AC Athletics/Gary Stallard
When the Boston Red Sox and the Cleveland Indians square off in Sunday’s Game 3 of the American League Division Series, the starting pitchers for each team will include a former Angelina College Roadrunner facing…another former AC Roadrunner.
Scheduled to take the bump for the Red Sox will be Clay Buchholz, while the Indians will trot out Josh Tomlin. The two have yet to face one another in a major league contest, but that doesn’t mean they haven’t competed against each other in the past.
When Buchholz arrived at Angelina College in 2005, he had designs on becoming the team’s starting shortstop. The problem? The Roadrunners already had pretty good one in place.
AC head coach Jeff Livin recalls meeting with Buchholz early in the season.
“Clay arrived here during Josh’s sophomore season,” Livin says. “Clay actually transferred here because he wanted to be a shortstop. I tried telling him, ‘We’ve got one, and he’s probably one of the best I’ve ever had at that position.’ Clay told me he was going to beat him out.
“But after about the fourth day of practice, Clay came in to see me. ‘You know, Coach, that guy’s pretty good.’”
Living said despite Buchholz’s initial disappointment, things worked out for the better for both players.
“Things evolved and transpired so that Josh’s ability at shortstop probably allowed him to rest his arm more,” Livin says. “We didn’t even have him in our rotation just because he was so good where he was. Besides, we already had a great staff that year with two All-Americans, Clay and Aaron Odom.
“But Clay evolved such as a pitcher that we knew we didn’t need him in the infield. We put him in right so we could give him the opportunity to rest his arm. It became pretty apparent when things started clicking for him on the mound in the late fall that he was going to make his money as a pitcher. That’s not the guy you wanted in the infield.”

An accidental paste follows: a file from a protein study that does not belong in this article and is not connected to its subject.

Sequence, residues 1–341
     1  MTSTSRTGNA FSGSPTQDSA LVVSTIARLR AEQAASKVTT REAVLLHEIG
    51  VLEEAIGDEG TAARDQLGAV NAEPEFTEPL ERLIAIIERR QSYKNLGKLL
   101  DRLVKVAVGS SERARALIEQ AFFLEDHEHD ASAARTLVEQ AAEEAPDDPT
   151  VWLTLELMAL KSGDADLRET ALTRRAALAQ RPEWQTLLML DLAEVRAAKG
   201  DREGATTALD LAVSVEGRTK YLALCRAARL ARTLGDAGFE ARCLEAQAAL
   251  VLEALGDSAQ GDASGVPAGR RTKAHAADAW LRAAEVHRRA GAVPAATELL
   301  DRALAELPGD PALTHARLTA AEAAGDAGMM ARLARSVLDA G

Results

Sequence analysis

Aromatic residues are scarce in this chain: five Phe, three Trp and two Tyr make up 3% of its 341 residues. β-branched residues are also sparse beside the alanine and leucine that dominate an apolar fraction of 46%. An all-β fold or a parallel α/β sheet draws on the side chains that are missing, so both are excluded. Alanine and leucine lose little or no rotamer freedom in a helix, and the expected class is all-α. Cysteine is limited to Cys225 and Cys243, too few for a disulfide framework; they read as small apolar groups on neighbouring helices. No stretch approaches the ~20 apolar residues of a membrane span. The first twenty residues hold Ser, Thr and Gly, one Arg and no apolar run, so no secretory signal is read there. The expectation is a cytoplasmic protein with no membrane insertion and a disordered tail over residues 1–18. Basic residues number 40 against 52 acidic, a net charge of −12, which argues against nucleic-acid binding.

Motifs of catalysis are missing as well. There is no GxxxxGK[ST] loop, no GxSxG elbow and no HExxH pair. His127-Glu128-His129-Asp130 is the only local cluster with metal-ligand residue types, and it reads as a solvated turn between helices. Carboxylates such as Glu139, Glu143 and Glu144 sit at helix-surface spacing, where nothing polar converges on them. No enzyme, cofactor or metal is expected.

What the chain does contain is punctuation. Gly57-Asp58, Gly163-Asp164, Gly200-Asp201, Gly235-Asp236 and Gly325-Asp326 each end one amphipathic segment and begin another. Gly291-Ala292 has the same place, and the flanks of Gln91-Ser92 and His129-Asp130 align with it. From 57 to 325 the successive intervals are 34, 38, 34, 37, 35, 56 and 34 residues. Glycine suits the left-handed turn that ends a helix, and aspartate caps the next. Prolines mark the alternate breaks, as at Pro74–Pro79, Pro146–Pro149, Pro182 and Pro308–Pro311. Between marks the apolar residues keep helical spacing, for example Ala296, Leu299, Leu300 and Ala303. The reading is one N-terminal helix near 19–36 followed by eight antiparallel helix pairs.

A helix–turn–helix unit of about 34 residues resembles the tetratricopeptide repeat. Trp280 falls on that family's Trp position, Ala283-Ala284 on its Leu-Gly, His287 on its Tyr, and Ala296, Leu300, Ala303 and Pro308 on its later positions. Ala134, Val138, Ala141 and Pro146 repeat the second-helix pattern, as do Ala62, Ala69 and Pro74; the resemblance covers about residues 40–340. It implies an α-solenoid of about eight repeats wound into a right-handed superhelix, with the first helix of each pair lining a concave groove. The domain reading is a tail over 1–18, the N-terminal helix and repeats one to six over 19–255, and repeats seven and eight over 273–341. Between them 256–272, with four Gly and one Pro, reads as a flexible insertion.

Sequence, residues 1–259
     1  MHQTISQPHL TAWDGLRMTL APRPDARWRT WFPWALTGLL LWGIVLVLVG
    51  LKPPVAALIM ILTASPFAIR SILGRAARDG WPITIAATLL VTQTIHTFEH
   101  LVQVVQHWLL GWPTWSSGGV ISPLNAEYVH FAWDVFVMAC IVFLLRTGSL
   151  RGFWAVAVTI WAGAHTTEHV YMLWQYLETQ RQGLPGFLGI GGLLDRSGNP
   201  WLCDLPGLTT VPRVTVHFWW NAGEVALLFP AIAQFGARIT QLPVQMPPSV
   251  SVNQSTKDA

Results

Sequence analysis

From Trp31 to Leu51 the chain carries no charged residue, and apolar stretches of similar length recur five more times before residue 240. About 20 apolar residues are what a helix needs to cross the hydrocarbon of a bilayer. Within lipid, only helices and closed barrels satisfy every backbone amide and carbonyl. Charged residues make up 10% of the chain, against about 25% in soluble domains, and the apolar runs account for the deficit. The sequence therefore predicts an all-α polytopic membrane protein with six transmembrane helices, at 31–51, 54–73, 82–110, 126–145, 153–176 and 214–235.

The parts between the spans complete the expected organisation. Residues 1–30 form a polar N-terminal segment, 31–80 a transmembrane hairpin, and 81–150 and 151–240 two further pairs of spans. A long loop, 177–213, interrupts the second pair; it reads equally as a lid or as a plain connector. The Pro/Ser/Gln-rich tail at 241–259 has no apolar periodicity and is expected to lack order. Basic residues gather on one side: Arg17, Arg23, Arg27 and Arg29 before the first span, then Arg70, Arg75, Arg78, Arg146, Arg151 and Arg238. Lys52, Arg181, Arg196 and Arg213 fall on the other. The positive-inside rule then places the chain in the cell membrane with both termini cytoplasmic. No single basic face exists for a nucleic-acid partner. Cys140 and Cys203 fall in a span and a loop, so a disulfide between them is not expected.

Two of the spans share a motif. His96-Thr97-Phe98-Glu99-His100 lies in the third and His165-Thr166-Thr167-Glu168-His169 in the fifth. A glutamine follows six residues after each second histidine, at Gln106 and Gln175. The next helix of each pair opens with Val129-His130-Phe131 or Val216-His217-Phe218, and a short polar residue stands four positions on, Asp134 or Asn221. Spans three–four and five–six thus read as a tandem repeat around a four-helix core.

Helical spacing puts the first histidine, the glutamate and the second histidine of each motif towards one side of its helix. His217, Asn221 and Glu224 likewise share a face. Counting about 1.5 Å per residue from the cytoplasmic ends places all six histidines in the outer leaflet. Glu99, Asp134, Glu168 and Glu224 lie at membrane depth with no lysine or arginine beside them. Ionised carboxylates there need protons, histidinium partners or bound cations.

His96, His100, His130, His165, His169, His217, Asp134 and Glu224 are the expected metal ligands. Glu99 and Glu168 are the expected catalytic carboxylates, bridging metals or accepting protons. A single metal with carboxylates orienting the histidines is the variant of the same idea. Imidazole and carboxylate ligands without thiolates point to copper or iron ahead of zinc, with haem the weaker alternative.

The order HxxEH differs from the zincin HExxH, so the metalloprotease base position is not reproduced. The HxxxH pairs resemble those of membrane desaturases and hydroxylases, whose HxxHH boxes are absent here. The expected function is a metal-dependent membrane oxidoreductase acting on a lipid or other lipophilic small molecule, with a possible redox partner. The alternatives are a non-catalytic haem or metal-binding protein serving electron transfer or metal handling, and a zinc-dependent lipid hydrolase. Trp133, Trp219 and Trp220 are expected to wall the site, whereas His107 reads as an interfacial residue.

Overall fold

Livin says while both players showed plenty of potential, there was no way to foresee just how far they would take their talents. Buchholz became the first Red Sox rookie to throw a no-hitter when he tagged the Baltimore Orioles with a no-no in 2007. Earlier this year, Tomlin’s name was among those mentioned among Cy Young Award candidates when he opened this season with an 8-1 record. On May 20 of this year, he became the first Indians pitcher with two hits – with one of those a double – in a single game since 1972.
“Josh we knew was going to become a draft-worthy pitcher, but he’s still come so far,” Livin says. “He’s a guy who never says or accepts ‘No’. He just keeps going out and winning games, and he’s proved he belongs in the big leagues.”
Two players competing on major league baseball’s big stage, both of whom received instruction and guidance from the same JUCO coach, is highly unusual. And had the Miami Marlins, who finished third in the NL East, qualified for the playoffs, Livin would have laid claim to another former Roadrunner in the spotlight: Andrew Cashner, who pitched at Angelina College from 2006 to 2007.
Three of his former players in the post-season simultaneously?
“Sure, why not,” Livin laughs. “The dream was either to have two of them match up in the playoffs or to have all three pitching in an All-Star game. I really thought Josh had a shot this year, but he didn’t get the chance. Clay’s been there before, and I think it’s just a matter of time for Andrew.
“You’re talking about the best baseball players in the world when it comes to the major leagues, and for these three to come out of the same junior college program and get as far as they have is remarkable.”
Livin says the only tough part of watching Sunday’s game will be trying to find a way for both his guys to win.
“It’s going to keep me glued to a TV set Sunday afternoon, that’s for sure,” Livin says. “All I want is a nothing-nothing game into the seventh and let one of the bullpens lose it. I hope our two guys have great games against each other.”
Game 3 of the American League Division Series will air at 3 p.m. (CST) on TBS.